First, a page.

We often think of apprenticeships as only being available in the construction trades. Programs in the trades do account for 65 percent of all apprenticeships. However, there are currently over 100,000 apprentices in the United States who are not in a construction-related program. Opportunities exist in agriculture, culinary arts, health care, theatre, and law enforcement to name just a few. To find out more about apprenticeships contact the Department of Labor's Bureau of Apprenticeship and Training Office in your state. Contact information for the national office is listed below under Resources. Also, look for a copy of Ferguson's Guide to Apprenticeship Programs at your library; it can be very helpful in locating programs.
Internships are another excellent way to prepare for a career. Many internships are for college students, but there are plenty of opportunities for teenagers and high school graduates.
While internships can provide valuable work experience, most, but not all, are unpaid. To find out more about internship possibilities, check at your public library for the latest edition of The National Directory of Internships published by Gale Research. This book is published every two years and lists thousands of internships in more than 85 fields. Another good resource is Peterson's Internships, which is published every year.
The military offers attractive financial incentives and excellent training programs that can lead to good careers. The military isn't for everyone and enlisting in the military is an important decision that takes careful consideration. But if it seems like a viable option there are some good financial packages available, including: Reserve Officers' Training Corp (ROTC) scholarships which are offered in hundreds of colleges and universities; enlistment scholarships that, if you qualify, will pay for a four-year degree; and the National Guard, which will pay you $200 a month in college benefits in addition to a monthly salary if you agree to serve on weekends for six years with two-week sessions each summer. There are many additional opportunities for training and education while serving in the armed forces.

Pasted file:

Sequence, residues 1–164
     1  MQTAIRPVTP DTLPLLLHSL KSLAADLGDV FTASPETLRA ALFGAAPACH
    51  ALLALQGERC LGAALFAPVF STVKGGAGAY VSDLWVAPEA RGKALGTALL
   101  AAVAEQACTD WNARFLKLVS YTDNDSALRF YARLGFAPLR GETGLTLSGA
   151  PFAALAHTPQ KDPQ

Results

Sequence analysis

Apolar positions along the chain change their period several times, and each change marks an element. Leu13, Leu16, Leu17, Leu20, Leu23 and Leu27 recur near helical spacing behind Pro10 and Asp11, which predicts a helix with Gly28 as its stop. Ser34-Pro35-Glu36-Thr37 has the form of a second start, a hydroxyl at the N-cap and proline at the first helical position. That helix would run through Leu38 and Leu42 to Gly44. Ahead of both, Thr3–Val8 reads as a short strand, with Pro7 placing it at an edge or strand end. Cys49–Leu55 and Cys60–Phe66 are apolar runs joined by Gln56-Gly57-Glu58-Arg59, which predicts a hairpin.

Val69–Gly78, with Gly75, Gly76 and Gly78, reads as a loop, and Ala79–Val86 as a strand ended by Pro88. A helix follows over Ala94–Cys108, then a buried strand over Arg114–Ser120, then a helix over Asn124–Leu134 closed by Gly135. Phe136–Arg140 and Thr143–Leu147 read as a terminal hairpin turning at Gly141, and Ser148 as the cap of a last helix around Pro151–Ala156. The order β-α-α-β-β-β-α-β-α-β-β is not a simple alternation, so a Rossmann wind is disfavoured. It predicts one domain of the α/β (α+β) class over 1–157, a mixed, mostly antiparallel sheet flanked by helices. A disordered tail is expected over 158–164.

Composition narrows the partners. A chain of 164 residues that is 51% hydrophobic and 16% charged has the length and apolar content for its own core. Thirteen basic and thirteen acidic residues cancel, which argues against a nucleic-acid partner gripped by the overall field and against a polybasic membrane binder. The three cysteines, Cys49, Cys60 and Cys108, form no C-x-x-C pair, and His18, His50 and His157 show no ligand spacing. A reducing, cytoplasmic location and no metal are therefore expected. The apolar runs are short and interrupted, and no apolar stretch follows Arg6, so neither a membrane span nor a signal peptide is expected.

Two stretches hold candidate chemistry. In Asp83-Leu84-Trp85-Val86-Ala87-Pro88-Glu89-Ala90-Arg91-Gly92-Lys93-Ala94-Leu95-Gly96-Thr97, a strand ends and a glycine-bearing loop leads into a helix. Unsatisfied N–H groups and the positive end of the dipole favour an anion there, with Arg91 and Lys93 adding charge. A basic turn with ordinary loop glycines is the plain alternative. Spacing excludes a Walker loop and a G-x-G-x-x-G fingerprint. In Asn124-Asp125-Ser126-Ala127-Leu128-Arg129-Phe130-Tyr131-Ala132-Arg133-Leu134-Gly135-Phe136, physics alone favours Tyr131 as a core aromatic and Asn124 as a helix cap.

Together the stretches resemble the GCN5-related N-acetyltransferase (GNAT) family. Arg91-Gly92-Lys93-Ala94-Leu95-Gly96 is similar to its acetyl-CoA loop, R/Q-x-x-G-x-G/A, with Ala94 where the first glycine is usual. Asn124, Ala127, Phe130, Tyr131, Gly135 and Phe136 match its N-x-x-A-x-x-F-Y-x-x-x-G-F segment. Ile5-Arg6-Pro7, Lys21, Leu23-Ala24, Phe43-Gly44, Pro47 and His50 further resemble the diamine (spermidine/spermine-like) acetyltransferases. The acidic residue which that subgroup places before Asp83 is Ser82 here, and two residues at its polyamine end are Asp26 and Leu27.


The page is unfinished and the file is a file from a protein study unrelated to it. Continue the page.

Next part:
These are some of the options your children can pursue to prepare for a career. Whatever path is chosen, it is important that it be well-planned for the individual's goals, abilities, and interests. A career is a lifelong endeavor and a solid beginning will make it a happier and more rewarding journey.
- Choices for the High School Graduate, Ferguson Publishing Co., 200 West Madison Street #300, Chicago IL, 60606. (800) 306-9941. $9.95. [This is an absolutely terrific book. - MP]
- Entering the Military (www.k12.doleta.gov/military.htm) This website provides information on opportunities in the military services.
- My Future (www.myfuture.com) This website provides information about alternatives to four-year colleges.
- United States Bureau of Labor - Bureau of Apprenticeship and Training Office, 200 Constitution Avenue, NW, Washington D.C. 20001. (202) 219-5921. Web: www.doleta.gov